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(Critical Guide to Censorship and Literature)

After being ordained to the priesthood in 1413, Thomas à Kempis entered an Augustinian monastery in the Netherlands, where he remained the rest his life. He is widely credited with having written the book, Imatio Christi, or The Imitation of Christ around 1427.

Although scholars have sometimes seen similarities between the thought of Thomas àKempis and the later Protestant reformer Martin Luther, any such similarity was apparently not obvious to the Puritans of the Massachusetts Bay Colony. In 1662 the Massachusetts General Court—the Colony’s principal legislative body—created a licensing board to supervise printing within the colony. In 1669, however, the General Court discovered that the board had licensed the printing of The Imitation of Christ. It promptly instructed the licensing board to revise the work of this “popish minister” before going forward with the printing. The board declined the task of attempting a revision, and the publisher abandoned the printing of the book.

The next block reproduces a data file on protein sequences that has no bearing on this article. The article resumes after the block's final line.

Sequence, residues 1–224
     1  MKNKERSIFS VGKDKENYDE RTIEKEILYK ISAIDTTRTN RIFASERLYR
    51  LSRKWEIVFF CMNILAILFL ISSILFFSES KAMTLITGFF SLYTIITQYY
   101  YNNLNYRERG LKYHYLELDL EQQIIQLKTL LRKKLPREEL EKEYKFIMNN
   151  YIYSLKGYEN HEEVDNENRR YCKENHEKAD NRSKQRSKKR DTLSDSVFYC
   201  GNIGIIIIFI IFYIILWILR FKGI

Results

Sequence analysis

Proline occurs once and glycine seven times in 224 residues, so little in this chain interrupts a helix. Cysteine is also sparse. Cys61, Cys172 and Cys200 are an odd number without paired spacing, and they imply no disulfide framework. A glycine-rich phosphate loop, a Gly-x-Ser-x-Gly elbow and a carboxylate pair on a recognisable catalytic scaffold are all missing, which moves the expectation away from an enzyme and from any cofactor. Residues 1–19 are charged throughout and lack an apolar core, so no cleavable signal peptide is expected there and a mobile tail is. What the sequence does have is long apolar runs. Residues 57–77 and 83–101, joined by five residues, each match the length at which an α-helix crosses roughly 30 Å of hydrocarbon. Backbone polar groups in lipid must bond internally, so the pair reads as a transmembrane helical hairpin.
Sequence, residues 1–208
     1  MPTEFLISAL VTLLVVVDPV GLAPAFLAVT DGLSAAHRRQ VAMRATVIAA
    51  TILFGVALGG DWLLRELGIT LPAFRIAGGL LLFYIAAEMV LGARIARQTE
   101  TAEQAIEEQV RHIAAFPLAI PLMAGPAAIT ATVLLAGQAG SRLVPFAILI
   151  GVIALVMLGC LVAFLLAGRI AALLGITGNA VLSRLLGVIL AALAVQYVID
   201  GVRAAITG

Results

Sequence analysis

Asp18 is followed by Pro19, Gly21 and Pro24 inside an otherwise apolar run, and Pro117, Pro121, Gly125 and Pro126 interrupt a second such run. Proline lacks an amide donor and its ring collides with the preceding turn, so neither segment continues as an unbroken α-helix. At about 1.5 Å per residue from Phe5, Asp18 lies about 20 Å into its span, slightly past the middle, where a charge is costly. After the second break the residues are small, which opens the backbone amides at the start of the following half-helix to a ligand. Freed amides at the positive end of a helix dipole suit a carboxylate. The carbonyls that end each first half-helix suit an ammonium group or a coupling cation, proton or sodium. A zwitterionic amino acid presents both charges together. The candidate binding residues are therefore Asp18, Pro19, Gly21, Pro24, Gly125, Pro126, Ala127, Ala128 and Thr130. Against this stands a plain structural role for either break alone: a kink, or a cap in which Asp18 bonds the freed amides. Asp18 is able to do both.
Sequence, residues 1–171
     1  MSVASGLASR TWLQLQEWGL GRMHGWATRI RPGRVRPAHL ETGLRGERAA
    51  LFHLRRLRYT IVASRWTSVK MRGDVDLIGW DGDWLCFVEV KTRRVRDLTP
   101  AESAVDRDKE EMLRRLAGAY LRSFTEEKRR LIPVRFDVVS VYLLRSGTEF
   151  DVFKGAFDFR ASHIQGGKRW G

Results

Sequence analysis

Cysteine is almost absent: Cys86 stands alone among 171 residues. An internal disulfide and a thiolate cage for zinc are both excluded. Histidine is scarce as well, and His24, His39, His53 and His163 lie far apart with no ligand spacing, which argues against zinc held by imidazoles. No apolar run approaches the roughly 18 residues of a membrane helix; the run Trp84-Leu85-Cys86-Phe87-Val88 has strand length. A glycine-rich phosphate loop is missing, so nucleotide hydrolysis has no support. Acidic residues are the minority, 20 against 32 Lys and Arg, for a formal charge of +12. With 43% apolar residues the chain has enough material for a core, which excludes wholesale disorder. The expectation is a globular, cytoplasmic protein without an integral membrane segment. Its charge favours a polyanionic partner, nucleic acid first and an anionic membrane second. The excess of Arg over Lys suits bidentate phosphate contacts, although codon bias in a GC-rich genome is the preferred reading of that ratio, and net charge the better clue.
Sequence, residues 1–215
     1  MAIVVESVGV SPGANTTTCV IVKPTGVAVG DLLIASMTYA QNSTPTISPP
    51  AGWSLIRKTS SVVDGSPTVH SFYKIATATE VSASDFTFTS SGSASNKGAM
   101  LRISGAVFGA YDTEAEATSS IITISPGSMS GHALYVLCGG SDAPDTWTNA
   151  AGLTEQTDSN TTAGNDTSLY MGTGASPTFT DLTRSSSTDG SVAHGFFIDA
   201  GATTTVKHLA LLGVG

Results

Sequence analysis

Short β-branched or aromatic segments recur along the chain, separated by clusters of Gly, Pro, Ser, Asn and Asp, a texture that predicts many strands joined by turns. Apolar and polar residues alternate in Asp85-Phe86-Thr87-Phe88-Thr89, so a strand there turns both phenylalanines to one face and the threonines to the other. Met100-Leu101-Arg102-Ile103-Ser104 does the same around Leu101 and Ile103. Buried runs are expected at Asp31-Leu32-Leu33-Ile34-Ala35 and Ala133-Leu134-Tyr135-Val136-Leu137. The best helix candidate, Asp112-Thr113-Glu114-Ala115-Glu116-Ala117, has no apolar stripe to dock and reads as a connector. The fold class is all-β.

(Critical Guide to Censorship and Literature)

Creasy, William C. Introduction to The Imitation of Christ, by Thomas à Kempis. Macon, Ga.: Mercer University Press, 1989.

Easwaran, Eknath. Seeing with the Eyes of Love: Reflections on a Classic of Christian Mysticism. Tomales, Calif.: Nilgiri Press, 1991.

Hyma, Albert. The Brethren of the Common Life. Grand Rapids, Mich.: Wm. B. Eerdmans, 1950.

Hyma, Albert. The Christian Renaissance: A History of “Devotio Moderno.” 1924. Reprint. Hamden, Conn.: Archon, 1965.

Post, R. R. The Modern Devotion: Confrontation with Reformation and Humanism. Leiden, the Netherlands: E. J. Brill, 1968.